Andalucía – Exploring Southern Spain


the Andalucía region of SpainEarlier this year, we took a trip to the south of Spain, to visit Andalucía. This region is responsible for many of the stereotypes associated with Spain. E.g., flamenco, bullfighting, and the Moorish influenced architecture (it was under Moorish rule from the 8th-15th centuries). As we traveled though Andalucía, we began to feel a better sense of this amazing country. We saw olive orchards that seemed to go on forever. Green pastures with the famous fighting bulls (toro de lidia). Snowy mountains of the Sierra Nevada, with their views of the shore of northern Africa in the distance. 

During this two-week trip, we visited Córdoba, Granada, Ronda, and Sevilla, and each had their own rich culture and identities. We visited during winter to avoid the extremely hot temperatures and the busiest times for tourists. Temperatures in Andalucía routinely exceed 40C/104F in summer!

There was a lot to like about Andalucía, but the surprise for us was the food. Tapas are delicious yet cheap, and so is the wine and beer. We absolutely loved this trip, and intend to return to Andalucía in warmer months. We want to experience the southern coast and towns like Málaga, Marbella, Cádiz, and Huelva.


Córdoba is best known for La Mezquita, a huge Moorish mosque built in late 700 A.D.  At one time, Moors and the Christians shared the space before it was converted into a Catholic cathedral in the 1200s. Due to this mixed heritage it’s a fascinating, yet odd, combination of Islamic and Catholic architecture.

Córdoba is also known for it’s courtyards or “patios.” The residents leave their doors open hoping you will peek in to their beautiful courtyards, with their fountains, greenery and flowers. They are really into their courtyards, so they have an annual competition known as the “Battle of Flowers” (Batalla de las Flores) in May. We were in Córdoba during a courtyard tour, and got to step into about ten courtyards around the city. They’re beautiful, and inspired us to put some more effort into our own courtyard back in San Jose.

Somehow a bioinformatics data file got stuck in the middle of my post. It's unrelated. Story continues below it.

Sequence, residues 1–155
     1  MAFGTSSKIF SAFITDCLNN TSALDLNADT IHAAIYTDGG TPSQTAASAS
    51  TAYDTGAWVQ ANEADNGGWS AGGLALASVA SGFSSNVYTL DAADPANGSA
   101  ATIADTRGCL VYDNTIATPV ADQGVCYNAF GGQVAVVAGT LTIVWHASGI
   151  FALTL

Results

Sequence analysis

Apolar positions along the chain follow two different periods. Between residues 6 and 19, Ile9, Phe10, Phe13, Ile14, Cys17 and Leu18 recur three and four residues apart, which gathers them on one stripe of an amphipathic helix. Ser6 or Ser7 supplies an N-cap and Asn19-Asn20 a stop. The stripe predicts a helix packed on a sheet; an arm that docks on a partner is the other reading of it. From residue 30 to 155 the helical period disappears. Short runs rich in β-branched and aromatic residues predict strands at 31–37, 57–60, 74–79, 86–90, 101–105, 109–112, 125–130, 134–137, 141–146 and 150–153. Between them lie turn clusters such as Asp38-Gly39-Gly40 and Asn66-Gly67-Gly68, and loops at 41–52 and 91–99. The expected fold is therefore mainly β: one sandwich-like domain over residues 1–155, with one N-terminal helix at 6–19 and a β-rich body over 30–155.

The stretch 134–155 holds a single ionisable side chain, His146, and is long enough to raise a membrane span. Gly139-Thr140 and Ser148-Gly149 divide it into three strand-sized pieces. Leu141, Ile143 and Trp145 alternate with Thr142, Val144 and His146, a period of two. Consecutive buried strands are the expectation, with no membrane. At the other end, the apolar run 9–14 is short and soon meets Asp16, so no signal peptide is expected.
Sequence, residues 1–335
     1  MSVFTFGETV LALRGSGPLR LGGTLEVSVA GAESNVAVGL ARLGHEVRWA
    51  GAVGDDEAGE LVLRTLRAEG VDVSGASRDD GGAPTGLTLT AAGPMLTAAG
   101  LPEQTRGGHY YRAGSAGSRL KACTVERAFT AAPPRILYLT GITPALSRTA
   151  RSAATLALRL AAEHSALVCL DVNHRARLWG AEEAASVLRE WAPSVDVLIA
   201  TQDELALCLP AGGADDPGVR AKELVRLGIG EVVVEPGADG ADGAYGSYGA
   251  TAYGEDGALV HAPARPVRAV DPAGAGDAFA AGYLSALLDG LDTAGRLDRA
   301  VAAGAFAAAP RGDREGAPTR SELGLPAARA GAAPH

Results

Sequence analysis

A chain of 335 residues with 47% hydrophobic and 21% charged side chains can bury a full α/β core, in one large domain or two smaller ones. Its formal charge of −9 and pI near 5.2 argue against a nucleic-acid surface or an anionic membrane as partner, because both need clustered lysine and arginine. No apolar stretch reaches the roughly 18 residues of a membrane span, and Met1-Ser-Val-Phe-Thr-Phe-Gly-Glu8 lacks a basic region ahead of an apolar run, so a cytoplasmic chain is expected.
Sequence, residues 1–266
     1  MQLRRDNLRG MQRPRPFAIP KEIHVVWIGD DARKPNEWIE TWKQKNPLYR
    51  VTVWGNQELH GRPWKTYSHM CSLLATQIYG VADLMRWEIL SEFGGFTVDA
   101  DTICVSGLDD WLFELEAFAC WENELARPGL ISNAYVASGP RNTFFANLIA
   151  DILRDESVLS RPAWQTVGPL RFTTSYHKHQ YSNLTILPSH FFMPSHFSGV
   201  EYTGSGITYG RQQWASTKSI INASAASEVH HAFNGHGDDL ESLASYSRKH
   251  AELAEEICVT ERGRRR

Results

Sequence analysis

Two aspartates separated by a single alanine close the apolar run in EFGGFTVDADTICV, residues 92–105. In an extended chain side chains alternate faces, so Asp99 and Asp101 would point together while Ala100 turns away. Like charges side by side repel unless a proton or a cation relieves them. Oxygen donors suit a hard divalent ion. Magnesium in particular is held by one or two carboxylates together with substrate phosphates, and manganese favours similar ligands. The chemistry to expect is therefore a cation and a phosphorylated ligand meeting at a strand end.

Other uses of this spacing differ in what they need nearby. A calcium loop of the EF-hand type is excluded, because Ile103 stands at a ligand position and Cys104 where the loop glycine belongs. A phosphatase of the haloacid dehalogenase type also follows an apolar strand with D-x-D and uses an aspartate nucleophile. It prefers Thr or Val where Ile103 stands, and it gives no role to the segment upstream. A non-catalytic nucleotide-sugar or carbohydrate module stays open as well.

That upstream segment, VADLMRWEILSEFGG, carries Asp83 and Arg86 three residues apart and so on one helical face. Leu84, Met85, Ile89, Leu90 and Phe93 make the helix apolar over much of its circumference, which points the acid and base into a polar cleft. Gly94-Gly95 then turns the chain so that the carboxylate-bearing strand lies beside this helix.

We happened across El Patio De La Juderia where we enjoyed our first Flamenco show. While eating a delicious dinner at our table near the stage, the 4 performers clapped, sang, and danced with intense energy. It was very entertaining!  

Don’t miss the famous (and gigantic) Spanish tortilla de patatas at taberna Bar Santos, across from La Mezquita. People wait in long lines to get a slice of this, and gobble it up while sipping their wine or beer standing outside the taberna. We saw the line and figured it must be good (it was), and lunch for under 4€ (~$4) is not too bad.

  • La Mezquita


On our first day in Granada we spent about half the day touring the Alhambra, an enormous and exquisitely-preserved palace and fortress with great views over all of Granada. The Alhambra was built by the Moorish kings starting in the mid-13th century, and the name means Red Castle in Arabic. This is a place even kids will find interesting, with lots of cool architecture and gardens. You need to book tickets in advance online, as it’s popular and hard to get into without a reservation.

We spent several enjoyable hours wandering through the Albayzín, the old Muslim quarter. It’s a maze of old winding streets, sprinkled with cafés and many hippies. The traditional houses in the Albayzín, called “cármenes” make this area very distinctive. A cármen is a house with a garden of grape vines and fruit trees, and a high wall that separates it from the street.

Bars and restaurants in Spain typically give a small snack when you order a drink, e.g., peanuts or olives, at no additional cost. Yet in Granada, they provide a real and substantial tapa with every drink order. Tapas are small dishes meant to be shared, and can be almost anything. The Spanish are serious about their tapas, and even have a verb for going for tapas – tapear.  Back to Granada – it’s brilliant – as long as you keep ordering rounds of drinks, the free tapas keep coming. Tapas in Granada are sized for the number of people drinking. Typically, a beer or glass of wine is 2-3€ (~$2-3), and it is common to bar hop. Tip: ask your waiter to bring you a local wine by the glass that pairs well with your free tapa. 

If you want a little break from tapas, or are looking for a fresh and really inexpensive meal, try the Shawarma King. It was really delicious, and we were happy to get our middle eastern food fix.